Hand Hygiene Before Gloving: Needed or Needless?

Mark E. Rupp, MD


January 03, 2014

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Is Hand Hygiene Before Putting on Nonsterile Gloves in the Intensive Care Unit a Waste of Health Care Worker Time? -- A Randomized Controlled Trial

Rock C, Harris AD, Reich MG, Johnson JK, Thom KA
Am J Infect Control. 2013;41:994-996.

Yes, It's a Waste of Time

That is the conclusion from a prospective, randomized trial performed by investigators at the University of Maryland Hospital. In brief, 115 healthcare providers preparing to enter contact isolation rooms in intensive care units (ICUs) were randomly assigned to perform routine hand hygiene with an alcohol-based gel just before donning nonsterile gloves, while an equally sized group donned gloves without first performing hand hygiene. Hand cultures were taken from both groups at baseline and after donning gloves.

The results showed that at baseline, hand colonization was similar in the hand hygiene group vs direct gloving group (131 vs 148 colony-forming units [CFU], respectively), and after gloving, there was no significant difference in the average CFU on the surface of the gloves (6.9 vs 8.1 CFU, respectively). It took an average of 31.5 extra seconds to perform hand hygiene before donning gloves, which equates to about 20 minutes of extra time for the average ICU nurse caring for a patient in contact isolation during a 12-hour shift.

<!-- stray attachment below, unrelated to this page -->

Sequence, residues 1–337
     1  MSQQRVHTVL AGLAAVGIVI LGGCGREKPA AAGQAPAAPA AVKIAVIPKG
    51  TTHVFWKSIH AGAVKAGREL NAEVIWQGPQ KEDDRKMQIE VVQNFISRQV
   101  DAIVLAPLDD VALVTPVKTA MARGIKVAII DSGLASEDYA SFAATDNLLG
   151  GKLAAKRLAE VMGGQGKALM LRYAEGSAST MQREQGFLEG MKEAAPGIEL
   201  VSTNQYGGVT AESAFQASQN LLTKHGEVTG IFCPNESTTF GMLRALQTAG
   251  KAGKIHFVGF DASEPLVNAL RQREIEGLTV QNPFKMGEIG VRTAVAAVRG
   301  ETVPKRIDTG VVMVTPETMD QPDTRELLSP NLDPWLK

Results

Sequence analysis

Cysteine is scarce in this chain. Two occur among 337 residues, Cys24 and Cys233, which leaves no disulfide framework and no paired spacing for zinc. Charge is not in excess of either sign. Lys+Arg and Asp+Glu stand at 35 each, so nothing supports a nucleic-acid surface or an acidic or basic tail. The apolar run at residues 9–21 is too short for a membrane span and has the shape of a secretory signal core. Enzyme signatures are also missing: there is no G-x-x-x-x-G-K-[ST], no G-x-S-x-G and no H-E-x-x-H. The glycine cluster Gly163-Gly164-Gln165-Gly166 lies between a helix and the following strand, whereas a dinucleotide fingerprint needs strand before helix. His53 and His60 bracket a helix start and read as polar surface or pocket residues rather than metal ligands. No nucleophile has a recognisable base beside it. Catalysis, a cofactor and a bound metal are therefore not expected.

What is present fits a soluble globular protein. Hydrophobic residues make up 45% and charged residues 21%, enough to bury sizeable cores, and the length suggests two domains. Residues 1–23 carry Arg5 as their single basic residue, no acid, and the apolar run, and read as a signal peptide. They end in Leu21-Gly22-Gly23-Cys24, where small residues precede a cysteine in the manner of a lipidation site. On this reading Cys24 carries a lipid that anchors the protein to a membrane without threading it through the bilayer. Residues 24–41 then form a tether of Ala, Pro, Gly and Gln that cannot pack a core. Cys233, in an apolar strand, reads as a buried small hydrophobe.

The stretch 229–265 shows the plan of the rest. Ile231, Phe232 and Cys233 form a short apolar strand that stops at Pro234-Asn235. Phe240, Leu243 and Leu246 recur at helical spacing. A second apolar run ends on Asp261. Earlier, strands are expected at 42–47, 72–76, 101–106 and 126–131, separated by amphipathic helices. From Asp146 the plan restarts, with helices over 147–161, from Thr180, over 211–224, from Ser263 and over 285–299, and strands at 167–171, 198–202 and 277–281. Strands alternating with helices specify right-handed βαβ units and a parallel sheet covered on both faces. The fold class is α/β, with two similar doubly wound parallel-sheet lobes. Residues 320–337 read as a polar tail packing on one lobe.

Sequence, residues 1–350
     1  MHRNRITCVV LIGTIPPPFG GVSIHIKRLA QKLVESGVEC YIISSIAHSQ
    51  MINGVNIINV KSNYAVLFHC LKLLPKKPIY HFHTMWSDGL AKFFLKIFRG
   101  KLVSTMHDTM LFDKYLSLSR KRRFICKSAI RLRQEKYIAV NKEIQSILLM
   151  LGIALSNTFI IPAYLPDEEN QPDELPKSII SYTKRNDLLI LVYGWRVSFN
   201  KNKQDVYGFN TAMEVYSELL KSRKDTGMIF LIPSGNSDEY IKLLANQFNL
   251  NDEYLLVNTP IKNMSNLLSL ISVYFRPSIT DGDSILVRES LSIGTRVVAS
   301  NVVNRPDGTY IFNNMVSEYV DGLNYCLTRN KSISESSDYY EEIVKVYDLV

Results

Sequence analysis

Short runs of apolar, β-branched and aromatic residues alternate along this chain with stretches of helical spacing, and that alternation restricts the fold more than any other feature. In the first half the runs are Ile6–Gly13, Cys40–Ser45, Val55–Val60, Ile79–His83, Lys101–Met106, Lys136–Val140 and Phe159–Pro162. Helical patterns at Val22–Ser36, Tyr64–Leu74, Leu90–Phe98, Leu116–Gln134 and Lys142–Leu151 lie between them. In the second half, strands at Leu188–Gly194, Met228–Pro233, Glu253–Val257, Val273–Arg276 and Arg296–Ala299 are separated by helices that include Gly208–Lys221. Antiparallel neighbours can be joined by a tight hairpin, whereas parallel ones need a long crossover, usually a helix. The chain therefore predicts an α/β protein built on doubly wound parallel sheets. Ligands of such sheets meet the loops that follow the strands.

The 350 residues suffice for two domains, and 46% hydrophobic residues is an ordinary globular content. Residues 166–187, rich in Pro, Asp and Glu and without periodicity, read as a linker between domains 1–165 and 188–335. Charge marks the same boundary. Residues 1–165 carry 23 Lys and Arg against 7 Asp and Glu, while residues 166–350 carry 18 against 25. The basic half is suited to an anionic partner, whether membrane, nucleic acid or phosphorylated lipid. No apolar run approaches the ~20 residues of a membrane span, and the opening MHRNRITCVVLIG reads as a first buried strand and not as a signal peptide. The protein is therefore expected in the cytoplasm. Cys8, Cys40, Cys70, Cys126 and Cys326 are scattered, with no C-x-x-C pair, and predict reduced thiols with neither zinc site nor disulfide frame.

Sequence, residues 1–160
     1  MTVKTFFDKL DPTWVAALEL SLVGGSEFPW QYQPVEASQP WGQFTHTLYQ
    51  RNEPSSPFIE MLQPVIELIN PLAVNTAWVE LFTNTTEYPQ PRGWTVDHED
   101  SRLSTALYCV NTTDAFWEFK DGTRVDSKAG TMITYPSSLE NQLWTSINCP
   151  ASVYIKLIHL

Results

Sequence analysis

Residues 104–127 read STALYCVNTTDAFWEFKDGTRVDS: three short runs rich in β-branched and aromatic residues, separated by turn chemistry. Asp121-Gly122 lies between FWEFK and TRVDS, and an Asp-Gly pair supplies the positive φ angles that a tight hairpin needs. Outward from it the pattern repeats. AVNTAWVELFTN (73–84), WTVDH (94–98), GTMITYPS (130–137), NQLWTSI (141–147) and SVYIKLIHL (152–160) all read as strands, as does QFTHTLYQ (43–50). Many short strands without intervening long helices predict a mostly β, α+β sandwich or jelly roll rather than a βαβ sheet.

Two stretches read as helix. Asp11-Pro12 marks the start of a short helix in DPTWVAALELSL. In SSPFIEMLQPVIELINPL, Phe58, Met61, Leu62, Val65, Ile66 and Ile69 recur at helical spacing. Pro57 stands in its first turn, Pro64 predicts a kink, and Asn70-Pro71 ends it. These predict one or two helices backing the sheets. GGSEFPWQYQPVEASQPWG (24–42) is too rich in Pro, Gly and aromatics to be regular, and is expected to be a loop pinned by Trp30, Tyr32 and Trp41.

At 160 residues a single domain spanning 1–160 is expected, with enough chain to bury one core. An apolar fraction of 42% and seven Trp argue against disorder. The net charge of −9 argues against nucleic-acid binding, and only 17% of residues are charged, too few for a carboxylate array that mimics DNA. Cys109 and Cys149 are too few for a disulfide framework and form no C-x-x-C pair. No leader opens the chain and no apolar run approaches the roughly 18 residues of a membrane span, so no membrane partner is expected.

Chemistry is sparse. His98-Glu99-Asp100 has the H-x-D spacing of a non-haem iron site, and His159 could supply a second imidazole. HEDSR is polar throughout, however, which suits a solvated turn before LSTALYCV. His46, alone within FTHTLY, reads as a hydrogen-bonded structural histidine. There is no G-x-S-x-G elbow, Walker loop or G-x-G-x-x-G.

This study has a few limitations. First, the study did not examine conditions with heavy hand contamination, and perhaps additional information could be gained from artificially "spiking" the hands of the nurses before they don gloves. Also, the fingertips and palmar surfaces of the gloves were sampled -- not the cuff. One would expect the cuff or wrist surface to potentially be more heavily contaminated in the group not performing hand hygiene because the cuff is manipulated more extensively as one pulls on a pair of gloves. Thus, although questions remain, the generally recommended practice of performing hand hygiene before donning nonsterile gloves when caring for a patient in contact isolation may be unnecessary, inefficient, and wasteful.



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